The Tempest in the Firth of Forth

Tue 6th – Thu 15th August 2013

reviews

Flo Layer

at 09:22 on 10th Aug 2013

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‘The Tempest’ - the Shakespearean play where magic, nature and man broil up in an inestimable whirlwind of romance and drama - is whisked away by Hands in the Air productions to the undeniably beautiful shore of the Firth of Forth in Hopetoun House grounds. The St Andrews student company gave a polite performance, but suffered, however, under the wild demands of their spectacular set. While I certainly left feeling a little windswept and chillier than when I first stepped off the cosy warmth of the coach, I was in no way left reeling by ‘The Tempest’ itself.

The unusual mimed prologue which unfolded, not so magically, at the bus stop, was indeed just the start of a long, drawn-out process of bemusedly following the performers as they made their way down, along (and back) the length of the shoreline. Although initially charming and immersive, the soft chill of the wind, crashing of the waves, and the rustle of shingle underfoot soon became irritating and hindered our experience of the play: actors’ lines were frequently lost to the wind and the noisy fidgeting of achey limbs in a tiring audience. Thank goodness for the overly comprehensive plot summary that comprises most of the snazzy programme, otherwise those unacquainted with ‘The Tempest’ might have left feeling truly lost. The score was, however, a beautifully composed feature of the production (composed and directed by Siannie Moodie). The lovely folk mix of clàrsach, bodhrán, fiddle, guitar, and more, smoothed-over the otherwise awkwardly slow transfers between acts.

Sunny Moodie gave a perfectly respectable portrayal of Prospero and Siannie Moodie also faultlessly lived up to the naïve dimension of daughter Miranda, but there was always just that extra sparkle missing. Prospero (Moodie) lacked that dark, dominating edge that so brings his character alive, while Caliban (Lewis Harding), despite his well styled rough costume (designed by Tasmin Swanson) and unique surprise entrance to the action, fell short of the sinister brilliance of such a tortured, agonised creature. I can only say that the acting, on the whole, was decidedly accomplished but at the same time very ordinary. It was a performance of a tempest on a flat, calm sea, with no roaring waves of memorable dramatic conflict to be seen.

To spend a whole afternoon down on the Firth of Forth is by no means time wasted - the scenery is stunning and it provides a welcome break from the bustle of festival-packed Edinburgh - but if you’re looking for stunning Shakespearean drama, then I’d stick to the city centre.

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Patty McCabe

at 09:50 on 10th Aug 2013

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When people say that plays transport you, this one literally did – with the help of a 30 minute coach! Staged in the grounds of Hopetoun Hall, the beaches of the Firth of the Forth became the shores of Prospero’s Island in The Mermaids Theatre Society’s production of ‘The Tempest’. Amidst the salty smells and craggy rocks with the increasingly encroaching tide, I found myself watching a performance of Shakespeare that was traditional in its characterisation and costume but experimental in its choice of setting.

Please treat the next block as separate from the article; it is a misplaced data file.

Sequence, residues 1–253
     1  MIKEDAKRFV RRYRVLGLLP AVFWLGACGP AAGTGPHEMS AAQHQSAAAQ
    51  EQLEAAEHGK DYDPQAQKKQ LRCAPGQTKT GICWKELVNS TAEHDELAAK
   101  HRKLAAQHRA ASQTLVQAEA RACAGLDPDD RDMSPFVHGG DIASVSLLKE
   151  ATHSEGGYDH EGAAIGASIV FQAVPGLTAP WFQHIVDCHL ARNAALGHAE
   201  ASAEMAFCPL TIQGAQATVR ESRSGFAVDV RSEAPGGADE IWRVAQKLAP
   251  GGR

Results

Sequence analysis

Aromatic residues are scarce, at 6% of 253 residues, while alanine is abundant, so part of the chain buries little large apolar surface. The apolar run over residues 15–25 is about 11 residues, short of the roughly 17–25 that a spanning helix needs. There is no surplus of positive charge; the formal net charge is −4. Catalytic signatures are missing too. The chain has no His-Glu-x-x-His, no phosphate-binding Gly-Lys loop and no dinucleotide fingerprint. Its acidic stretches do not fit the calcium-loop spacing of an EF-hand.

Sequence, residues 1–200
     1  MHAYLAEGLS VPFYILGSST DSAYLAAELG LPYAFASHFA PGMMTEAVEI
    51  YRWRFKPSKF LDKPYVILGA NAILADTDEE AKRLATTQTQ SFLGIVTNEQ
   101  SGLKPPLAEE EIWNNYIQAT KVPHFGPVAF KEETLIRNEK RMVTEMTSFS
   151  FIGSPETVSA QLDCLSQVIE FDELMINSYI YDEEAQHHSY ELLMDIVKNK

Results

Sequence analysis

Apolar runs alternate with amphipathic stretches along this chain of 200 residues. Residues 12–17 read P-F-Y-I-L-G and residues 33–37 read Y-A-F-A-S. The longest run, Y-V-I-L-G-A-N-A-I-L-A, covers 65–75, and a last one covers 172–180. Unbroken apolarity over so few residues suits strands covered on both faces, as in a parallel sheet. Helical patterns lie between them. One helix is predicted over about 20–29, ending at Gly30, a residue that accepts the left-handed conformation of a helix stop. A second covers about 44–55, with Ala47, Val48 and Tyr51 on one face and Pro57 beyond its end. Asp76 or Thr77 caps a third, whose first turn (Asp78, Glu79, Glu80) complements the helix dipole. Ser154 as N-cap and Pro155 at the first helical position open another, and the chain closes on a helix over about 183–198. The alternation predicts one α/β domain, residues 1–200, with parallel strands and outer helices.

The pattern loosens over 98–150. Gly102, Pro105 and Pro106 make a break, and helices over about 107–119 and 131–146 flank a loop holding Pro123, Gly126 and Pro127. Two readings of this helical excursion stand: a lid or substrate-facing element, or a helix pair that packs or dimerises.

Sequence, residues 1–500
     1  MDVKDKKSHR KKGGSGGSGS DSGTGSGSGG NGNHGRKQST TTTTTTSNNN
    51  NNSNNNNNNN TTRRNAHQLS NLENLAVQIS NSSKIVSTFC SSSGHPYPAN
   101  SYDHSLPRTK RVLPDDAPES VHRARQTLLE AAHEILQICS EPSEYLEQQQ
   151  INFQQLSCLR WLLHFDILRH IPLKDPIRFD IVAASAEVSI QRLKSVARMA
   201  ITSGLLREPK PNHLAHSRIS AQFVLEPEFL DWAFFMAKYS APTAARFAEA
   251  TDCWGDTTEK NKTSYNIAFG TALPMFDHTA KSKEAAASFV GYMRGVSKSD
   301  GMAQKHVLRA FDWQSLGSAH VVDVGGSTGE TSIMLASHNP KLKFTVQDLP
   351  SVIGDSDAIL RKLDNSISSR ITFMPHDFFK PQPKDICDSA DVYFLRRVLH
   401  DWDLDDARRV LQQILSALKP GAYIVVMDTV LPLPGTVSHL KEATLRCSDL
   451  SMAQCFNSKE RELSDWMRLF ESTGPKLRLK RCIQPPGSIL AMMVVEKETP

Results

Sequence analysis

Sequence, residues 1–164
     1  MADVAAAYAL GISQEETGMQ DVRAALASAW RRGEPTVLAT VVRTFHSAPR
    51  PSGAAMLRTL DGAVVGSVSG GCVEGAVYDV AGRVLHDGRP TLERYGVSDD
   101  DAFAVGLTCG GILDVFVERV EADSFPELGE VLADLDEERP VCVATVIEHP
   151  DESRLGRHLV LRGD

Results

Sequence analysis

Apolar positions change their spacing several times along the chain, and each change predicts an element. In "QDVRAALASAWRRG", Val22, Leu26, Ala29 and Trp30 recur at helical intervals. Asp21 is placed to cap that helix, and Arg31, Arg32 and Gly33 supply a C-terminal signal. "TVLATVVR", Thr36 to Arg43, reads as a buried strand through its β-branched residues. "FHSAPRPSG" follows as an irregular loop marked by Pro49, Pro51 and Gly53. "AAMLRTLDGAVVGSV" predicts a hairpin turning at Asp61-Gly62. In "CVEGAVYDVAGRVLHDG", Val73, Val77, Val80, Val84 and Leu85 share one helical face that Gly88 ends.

Whilst the Firth of the Forth was undeniably full of craggy beauty, Prospero’s Island was situated in the Mediterranean – there is a huge difference between these two locations and it is one that involves both the wind and the cold. The wind became increasingly blustery throughout the performance, making it difficult to hear the dialogue, especially towards the end. This was an immense shame as the characters - Miranda and Ariel in particular - as well as the beautiful music that accompanied the performance found themselves engaged in a battle with the wind. The audience travelled up and down the beach, following characters as they explored Prospero’s strange shore. This appeared a wonderful idea at first, but by the end the audience was visibly tired and uncomfortable. Unfortunately, this rather soured one’s opinion of a performance that was high quality, if unoriginal.

By far the strongest performance came from Sunny Moodie as the enigmatic Prospero. Commanding and charismatic, Moodie’s Prospero was natural and convincing; dominating the production as the central force that drives the narrative. Siannie Moodie as Miranda successfully captured the girlish infatuation her character feels for Ferdinand (Jyuddah Jaymes). Although a credible and charming performance, her portrayal of the passive heroine lacked a little depth.

Lewis Harding’s Caliban was adequate, but he failed to convey any nuances in character. The drunken trio of Trinculo (Jamie Jones), Stephano (Peter Swallow) and Caliban was a little disappointing. With the exception of Jones, the humour felt forced and the bawdy and lewd raucousness that one associates with these characters was missing.

If you put people on coach it has to be worth it and I’m not sure that it was. The choice of setting was interesting and, if the wind had not been so loud, I’m sure it would have been much more successful. I believe, however, that the beauty of a Shakespeare play lies in the characterisation and although ‘The Tempest’ was a strong effort, this production failed to capture the complexity that every Shakespeare character possesses.

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